Brent: Though Dated Brent remains weak, Middle Eastern grades continue to price strongly, with the Dubai prompt spread pricing at a 75-cent backwardation while ME grades are showing large premiums, with Oman at an impressive premium to last year’s levels. Saudi OSPs were announced with increases in all grades to Asia. The Saudi Arab Light OSP to Asia is $2 per barrel higher than one year ago, and the Oman differential is also $2 per barrel higher than one year ago. Dubai backwardation is 75 cents, compared to a 30-cent contango this time last year. And despite this, Asian refining margins are more or less exactly where they were almost one year ago and rising seasonally much like they did in 2017. US runs rise from here, so crude exports should fall, and Brent will perform again. The spike in US domestic grades is a precursor to increased competition for barrels as US refiners try to keep their crude local, and Asian and European buyers try to coax them out of the USGC.
|Fig 5: Oman differential to Dubai, $/b||Fig 6: Dubai Hydroskimming margins, $/b|
|Source: Argus, Energy Aspects||Source: Reuters, Energy Aspects|
WTI: US domestic grades have been spiking of late as Cushing crude stocks continue to draw and competition to keep US barrels local begins in earnest. Both Mars and LLS differentials to WTI are now higher than they were in Q4 17. Meanwhile, as pipelines remain full out of Cushing, a threat to earlier-than-expected builds has surfaced in the form of reports that July refinery maintenance (namely Valero’s Memphis refinery) in the Midcon is set to rise due to quality issues out of the hub, delivering crude with heavy bottoms and causing issues for refiners. If true, the result would likely be lower July runs, thus reducing flows from Cushing to PADD 2 for June and/or July (for more details please see our Data Review: US Department of Energy, 6 June 2018).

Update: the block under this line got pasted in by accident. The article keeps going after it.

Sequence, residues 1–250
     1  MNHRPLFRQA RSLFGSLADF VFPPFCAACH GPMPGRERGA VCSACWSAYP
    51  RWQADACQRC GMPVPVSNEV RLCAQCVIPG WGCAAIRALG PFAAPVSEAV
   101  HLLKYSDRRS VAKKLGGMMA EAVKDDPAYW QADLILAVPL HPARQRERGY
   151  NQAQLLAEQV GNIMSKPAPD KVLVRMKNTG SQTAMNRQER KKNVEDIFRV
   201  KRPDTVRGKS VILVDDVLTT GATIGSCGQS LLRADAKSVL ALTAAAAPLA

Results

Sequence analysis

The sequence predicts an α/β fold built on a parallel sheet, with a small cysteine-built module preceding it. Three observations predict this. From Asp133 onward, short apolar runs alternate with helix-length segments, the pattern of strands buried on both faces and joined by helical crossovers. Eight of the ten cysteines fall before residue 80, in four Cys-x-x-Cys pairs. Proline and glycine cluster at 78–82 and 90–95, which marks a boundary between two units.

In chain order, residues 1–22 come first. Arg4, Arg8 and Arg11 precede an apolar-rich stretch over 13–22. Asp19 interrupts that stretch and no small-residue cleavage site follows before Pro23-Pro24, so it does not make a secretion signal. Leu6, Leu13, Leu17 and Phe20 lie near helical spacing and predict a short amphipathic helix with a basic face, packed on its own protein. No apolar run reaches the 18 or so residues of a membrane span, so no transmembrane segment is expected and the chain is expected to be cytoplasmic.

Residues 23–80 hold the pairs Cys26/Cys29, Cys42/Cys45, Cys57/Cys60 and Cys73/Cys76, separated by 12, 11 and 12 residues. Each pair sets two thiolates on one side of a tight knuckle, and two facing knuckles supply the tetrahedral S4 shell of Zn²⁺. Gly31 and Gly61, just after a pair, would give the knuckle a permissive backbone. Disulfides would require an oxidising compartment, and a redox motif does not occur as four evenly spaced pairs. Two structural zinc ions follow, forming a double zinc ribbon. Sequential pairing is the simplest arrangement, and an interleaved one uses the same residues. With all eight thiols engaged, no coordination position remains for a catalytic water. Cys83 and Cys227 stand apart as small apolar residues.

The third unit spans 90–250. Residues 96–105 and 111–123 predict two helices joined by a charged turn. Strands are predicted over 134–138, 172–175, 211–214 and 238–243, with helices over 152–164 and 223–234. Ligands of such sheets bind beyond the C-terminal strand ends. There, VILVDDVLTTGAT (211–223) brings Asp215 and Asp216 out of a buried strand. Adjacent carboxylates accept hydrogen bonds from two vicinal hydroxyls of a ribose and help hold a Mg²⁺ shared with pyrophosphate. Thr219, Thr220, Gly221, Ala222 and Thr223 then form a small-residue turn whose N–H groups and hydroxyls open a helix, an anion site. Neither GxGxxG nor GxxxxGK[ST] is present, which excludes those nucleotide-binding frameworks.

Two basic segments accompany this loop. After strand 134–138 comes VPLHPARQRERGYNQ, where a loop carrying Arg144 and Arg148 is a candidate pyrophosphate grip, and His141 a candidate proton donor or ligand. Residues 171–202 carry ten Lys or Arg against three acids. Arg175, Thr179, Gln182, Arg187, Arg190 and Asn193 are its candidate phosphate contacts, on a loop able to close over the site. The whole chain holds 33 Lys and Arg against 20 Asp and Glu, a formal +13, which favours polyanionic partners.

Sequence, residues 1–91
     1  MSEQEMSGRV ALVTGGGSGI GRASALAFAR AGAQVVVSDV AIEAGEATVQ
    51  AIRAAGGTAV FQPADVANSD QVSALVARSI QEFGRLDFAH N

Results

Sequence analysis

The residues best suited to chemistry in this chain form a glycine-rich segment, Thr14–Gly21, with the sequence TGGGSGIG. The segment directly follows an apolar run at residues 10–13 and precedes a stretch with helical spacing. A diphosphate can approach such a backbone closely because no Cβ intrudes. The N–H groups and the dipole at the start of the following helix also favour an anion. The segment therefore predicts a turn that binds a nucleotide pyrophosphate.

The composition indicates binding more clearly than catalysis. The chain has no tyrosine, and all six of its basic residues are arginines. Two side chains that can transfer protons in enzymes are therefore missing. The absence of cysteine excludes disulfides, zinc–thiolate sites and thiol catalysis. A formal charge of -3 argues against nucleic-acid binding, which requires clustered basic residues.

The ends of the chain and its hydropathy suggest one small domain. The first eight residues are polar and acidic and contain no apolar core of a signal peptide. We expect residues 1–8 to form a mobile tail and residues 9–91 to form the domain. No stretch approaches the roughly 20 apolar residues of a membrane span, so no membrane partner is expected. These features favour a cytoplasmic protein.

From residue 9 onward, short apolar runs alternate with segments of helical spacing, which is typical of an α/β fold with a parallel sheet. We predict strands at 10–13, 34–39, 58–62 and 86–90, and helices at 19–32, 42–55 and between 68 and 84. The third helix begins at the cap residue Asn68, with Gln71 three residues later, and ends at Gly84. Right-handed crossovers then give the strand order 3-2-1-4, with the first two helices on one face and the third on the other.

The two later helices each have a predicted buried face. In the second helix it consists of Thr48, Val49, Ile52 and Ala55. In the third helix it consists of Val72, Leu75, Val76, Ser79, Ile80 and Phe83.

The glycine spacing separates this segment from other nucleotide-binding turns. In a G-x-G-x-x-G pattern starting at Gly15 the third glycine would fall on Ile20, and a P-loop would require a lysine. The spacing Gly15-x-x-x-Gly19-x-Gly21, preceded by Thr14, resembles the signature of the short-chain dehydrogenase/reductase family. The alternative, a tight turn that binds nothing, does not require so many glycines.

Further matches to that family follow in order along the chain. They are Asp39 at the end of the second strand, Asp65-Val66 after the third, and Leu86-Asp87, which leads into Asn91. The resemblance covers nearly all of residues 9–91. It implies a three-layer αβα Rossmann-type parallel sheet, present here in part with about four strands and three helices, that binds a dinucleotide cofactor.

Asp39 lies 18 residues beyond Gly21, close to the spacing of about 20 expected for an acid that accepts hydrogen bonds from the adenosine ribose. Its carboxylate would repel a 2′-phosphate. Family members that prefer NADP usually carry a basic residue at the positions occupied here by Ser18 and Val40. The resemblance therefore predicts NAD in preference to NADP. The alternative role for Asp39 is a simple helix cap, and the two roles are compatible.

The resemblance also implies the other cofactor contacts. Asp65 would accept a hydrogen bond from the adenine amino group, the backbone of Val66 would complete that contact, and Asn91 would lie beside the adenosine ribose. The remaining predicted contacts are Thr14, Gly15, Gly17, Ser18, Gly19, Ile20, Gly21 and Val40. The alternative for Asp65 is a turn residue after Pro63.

Gasoline: Gasoline production in the US continues to soar as capacity utilisation reaches a record seasonal high. Cheap crude and a supportive distillate market means that refiners have every incentive to keep making gasoline. Supply is not going to be a problem. The stock rise reported on Wednesday came despite imports into PADD 1 totalling 0.59 mb/d across the week, down w/w by 0.19 mb/d. This week’s arrivals into the USEC look very heavy and could push towards the 1 mb/d mark, so further builds are likely for next week’s report. At the same time, outflows from Europe have remained relatively robust since late May, so imports look unlikely to materially slow in June, even though some refineries are still returning from maintenance. PADD 3 stocks also rose, jumping by 3.1 mb w/w despite a series of unplanned FCC outages at refineries such as ExxonMobil’s Baytown and Shell’s Deer Park in recent weeks. With supply set to rise as FCC outages subside, and demand to soften—at least temporarily until later in June when school holidays begin—more builds are likely in the coming weeks. Without significant further outages, it is hard to see how gasoline will perform this summer. We still favour distillate relative to gasoline.
Distillate: US distillate fuel stocks also rose last week, by 2.2 mb to 116.8 mb. PADD 2 led the build (+1.2 mb w/w) on a combination of last week’s shorter working week and high regional refinery utilisation. Planting season has also largely wrapped up, dampening agricultural demand. Still, domestic diesel demand remains very healthy. DAT freight data shows spot truck demand fell by just 3% w/w last week, when the Memorial Day holiday week would typically see load posts drop by around 20% w/w. Meanwhile, export demand from the USGC appears to have remained relatively healthy at 1.66 mb/d last week. With a host of new fixtures added over the past two weeks, any seasonal stockbuilds over the coming weeks are likely to remain relatively modest.
Yasser Elguindi, Energy Market Strategist
+1 646 798 1700 (direct)